Ikoyi Homongous Money And Unresolved Puzzles

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April 17, 2017

Ikoyi Homongous Money And Unresolved Puzzles

Corruption

 

By: Rahaman Onike

The discovery of stow away 50 million dollars which is  equivalent to 15 billion naira by EFCC at Ikoyi luxury sky-high building raises a lot of puzzles about Nigeria’s ethos and disdained functionality of the nation’s intelligence system. Coincidentally, the manhunt was carried out by the EFCC at the eve of celebration of the organization’s fourteen years of its establishment.

Since the discovery of the homongous money by EFCC in a private apartment at Osborne Towers in  Ikoyi, Lagos, Nigeria, a lot of churn-up has resulted. In a way, the ongoing scenario has further proved that whistle-blowing policy of  the  present administration is yielding good results.

What is ominous about the issue is the various characters connected directly or indirectly with the apartment where the monies were recovered. This has not only prompted further probe into the ownership of the homongous cash but it also calls for re-assessment and evaluation of the performance of the nation’s security and intelligence services.

Given the avalanche of reports on social and new media, regarding the ownership of the huge sum, it seems there is a sort of connivance among the power elite to syphon the money either now or in the future. Even with all the denials, the alleged individuals are still look at with suspicion particularly the Transport and Aviation Minister, Chief Rotimi Ameachi, Senator Solomon Adeola popularly known as Yayi, representing Lagos West Senatorial District and Alhaji Adamu Muazu, the former PDP National Chairman.

It was pathetic that  in the course of unravelling the ownership of the money and reasons for stashing the huge cash, the National Intelligence Agency(NIA) interceded with an unverifiable claim to be the owner. Yet, Nigerians do not feel satisfied.

Most commentators see the claim of NIA as a sort of prey on being orchestrated to cover-up the heinous crime against the nation by certain powerful individuals in government.

In my view, a mere claim of ownership of the homongous money by NIA cannot cause the matter to hit  a dead end, rather, it will ignite further brouhaha.

The excuse given by the NIA that the said money is meant for covert operation may sound valid, if it is properly appropriated and approved by the President. From reports, it is obvious President Buhari, the current nation’s chief security officer was oblivious of the said NIA’s covert operation until Wednesday when the EFCC discovered the cash in Ikoyi Secret location.

From all indications, there is reasonable ground to suspect foul play on the part of top echelons of the National Intelligence Agency to have excluded such a vital information on routine intelligence briefing or operation notes passed to President Muhammed Buhari on assumption of office.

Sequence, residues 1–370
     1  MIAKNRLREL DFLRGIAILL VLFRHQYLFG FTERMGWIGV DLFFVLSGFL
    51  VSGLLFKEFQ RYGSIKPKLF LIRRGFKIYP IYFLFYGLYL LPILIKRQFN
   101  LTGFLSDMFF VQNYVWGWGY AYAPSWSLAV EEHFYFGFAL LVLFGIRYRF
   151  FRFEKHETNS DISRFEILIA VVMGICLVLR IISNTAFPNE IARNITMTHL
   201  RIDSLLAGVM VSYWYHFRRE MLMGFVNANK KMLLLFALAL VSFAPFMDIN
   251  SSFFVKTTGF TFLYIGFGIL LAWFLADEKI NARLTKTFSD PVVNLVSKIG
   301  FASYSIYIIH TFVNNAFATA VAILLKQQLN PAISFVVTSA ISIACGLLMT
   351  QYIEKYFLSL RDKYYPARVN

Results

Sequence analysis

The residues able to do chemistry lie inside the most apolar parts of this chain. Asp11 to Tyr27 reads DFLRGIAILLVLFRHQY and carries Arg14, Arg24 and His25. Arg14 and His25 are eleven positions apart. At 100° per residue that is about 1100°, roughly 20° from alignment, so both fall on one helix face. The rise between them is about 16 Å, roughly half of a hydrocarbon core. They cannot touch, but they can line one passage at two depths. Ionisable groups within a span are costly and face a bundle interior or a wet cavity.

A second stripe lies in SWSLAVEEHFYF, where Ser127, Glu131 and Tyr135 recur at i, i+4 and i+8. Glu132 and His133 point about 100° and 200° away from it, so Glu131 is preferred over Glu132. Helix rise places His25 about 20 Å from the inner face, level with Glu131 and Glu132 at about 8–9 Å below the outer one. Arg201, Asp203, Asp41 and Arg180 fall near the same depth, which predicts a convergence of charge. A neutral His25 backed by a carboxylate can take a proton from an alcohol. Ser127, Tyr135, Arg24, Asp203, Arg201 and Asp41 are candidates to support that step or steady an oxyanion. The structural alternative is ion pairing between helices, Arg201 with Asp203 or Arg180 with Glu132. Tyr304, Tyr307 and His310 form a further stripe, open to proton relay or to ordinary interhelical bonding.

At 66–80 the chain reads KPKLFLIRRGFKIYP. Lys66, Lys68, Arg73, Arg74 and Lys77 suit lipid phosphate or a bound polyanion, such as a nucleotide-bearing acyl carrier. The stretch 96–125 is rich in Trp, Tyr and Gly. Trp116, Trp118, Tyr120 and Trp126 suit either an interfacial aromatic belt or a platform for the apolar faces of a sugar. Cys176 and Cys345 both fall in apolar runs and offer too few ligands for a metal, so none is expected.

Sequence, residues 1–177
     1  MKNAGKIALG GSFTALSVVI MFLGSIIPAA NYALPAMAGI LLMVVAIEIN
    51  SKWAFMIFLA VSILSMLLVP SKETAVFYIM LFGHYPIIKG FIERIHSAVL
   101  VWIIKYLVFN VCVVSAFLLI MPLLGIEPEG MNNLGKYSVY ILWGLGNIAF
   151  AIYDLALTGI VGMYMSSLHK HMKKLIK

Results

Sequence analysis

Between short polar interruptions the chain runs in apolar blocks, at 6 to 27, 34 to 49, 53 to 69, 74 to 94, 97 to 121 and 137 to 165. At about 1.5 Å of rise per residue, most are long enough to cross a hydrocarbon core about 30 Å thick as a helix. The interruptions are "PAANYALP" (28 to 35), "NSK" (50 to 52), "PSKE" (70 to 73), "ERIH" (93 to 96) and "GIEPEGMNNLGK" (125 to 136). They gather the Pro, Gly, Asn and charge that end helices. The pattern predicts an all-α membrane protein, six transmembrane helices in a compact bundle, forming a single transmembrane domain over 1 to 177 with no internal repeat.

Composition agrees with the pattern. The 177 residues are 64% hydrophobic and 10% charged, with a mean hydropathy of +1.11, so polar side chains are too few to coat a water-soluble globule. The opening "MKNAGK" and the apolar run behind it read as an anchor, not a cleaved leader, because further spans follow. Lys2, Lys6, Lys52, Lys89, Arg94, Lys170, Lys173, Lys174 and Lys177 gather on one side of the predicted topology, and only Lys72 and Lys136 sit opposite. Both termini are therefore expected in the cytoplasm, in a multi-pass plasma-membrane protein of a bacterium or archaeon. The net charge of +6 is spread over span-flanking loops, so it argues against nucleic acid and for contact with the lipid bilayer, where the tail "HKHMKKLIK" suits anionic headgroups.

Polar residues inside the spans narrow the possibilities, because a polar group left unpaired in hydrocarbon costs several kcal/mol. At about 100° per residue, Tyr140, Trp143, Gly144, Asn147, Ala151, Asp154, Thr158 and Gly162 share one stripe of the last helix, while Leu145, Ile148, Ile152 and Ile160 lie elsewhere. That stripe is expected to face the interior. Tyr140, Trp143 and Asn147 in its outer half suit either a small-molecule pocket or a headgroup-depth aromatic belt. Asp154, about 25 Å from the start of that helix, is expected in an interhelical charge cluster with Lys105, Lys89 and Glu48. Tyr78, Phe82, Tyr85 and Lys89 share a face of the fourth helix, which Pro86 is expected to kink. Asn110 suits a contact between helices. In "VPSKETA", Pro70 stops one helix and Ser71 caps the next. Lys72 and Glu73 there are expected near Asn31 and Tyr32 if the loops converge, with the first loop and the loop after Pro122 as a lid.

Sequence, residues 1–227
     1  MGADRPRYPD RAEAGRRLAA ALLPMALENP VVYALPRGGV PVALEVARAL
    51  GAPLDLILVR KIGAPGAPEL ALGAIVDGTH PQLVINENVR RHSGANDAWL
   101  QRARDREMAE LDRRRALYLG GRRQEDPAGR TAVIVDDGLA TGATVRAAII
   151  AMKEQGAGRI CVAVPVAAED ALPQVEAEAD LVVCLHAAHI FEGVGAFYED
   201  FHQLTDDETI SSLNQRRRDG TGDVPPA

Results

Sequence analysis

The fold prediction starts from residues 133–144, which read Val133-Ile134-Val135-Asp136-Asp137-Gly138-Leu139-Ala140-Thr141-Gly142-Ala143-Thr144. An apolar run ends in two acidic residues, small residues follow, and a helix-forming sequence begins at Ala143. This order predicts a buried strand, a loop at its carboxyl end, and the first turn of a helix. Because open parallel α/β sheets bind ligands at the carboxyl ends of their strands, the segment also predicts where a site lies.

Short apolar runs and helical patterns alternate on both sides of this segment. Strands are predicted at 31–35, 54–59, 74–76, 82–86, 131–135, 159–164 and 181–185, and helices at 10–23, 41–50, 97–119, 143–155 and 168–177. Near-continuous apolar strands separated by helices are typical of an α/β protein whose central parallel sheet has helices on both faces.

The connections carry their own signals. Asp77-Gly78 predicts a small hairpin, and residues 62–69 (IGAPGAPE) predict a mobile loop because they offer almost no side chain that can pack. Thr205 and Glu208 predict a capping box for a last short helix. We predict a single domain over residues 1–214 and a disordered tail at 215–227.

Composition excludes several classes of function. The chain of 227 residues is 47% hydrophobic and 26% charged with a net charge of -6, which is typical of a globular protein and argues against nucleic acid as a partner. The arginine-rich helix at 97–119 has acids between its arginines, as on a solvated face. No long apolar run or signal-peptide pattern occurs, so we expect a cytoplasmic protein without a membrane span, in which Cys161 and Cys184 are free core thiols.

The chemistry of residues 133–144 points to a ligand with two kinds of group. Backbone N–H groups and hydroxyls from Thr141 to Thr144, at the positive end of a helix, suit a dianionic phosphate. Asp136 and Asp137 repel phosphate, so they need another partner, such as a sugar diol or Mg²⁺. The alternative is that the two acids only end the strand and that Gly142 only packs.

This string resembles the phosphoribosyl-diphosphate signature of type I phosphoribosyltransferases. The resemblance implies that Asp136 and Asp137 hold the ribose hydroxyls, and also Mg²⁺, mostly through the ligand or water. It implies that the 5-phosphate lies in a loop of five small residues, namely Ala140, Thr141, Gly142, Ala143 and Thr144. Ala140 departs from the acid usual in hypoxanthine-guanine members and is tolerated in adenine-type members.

So, why is Buhari Commander in-chief, if a covert operation was ongoing in which the last administration approved colossal cash being kept in a private apartment without him being briefed until the money was found and carted away by the EFCC two years into his administration.

This makes the whole scenario to become a matter of more puzzles, less clues.

One other important puzzle is the question of rationale for loading such quantum cash in private home originally owned and occupied by people of questionable character instead of its safe, well guarded headquarters or in any of its secret facilities.

Similar to this report is the quiz that would a Jonathan keep such elephantine money in a house alegedly owned by Rotimi Amaechi.

With the ongoing hullabaloo, President Buhari will do well for his good image by getting to the bottom of this issue.

Any attempt to allow it to fizzle out as usual will prove the cynics right that the discovery is a conscious effort to detract attention from ‘non performance’ of the present administration.

While supporting the call that President Buhari must address the nation on this scandalous discovery , it won’t be out of order for former President Goodluck Jonathan  to be quizzed to confirm or refute claim that he approved the release of the cash for covert operation. If he confirms, we will face the matter of abuse as part of measure of performance of Jonathan’s administration.

I have not seen reasons to subscribe to the narration that the EFCC discovery was a mere ploy to give fresh life to an assertion which tries to blame the economic woe of the nation on Jonathan’s rather than Buhari’s.

The NIA equally needs to clear air on the new narrative that some GEJ campaign materials were found at the Osborne flat together with the dollars. Except this done, one may likely fall into temptation to toy the line of groups that believe the present administration is doing everything possible to pin the Ikoyi heist on GEJ as part of its propaganda project.

Above all, the whole story suggests a case of inherent poor coordination and lack of cooperation in the nation’s security and intelligence circle. If at the end of the day, the real culprits are not brought to book, the alleged cover-up, desperation and over zealousness of EFCC top hierarchies will become a stigma as well as a moral burden for the present administration.

As the whole world look forward to witness the eventual outcome of investigation of reasons for the stashing of the huge fund, it becomes incumbent on Buhari’s administration to prove that he is not being selective in his anti-corruption war or using it as an instrument for the witch-hunt of the opposition.

 

 

 

Rahaman Onike writes from Oyo. He is a public administrator, policy analyst and author.

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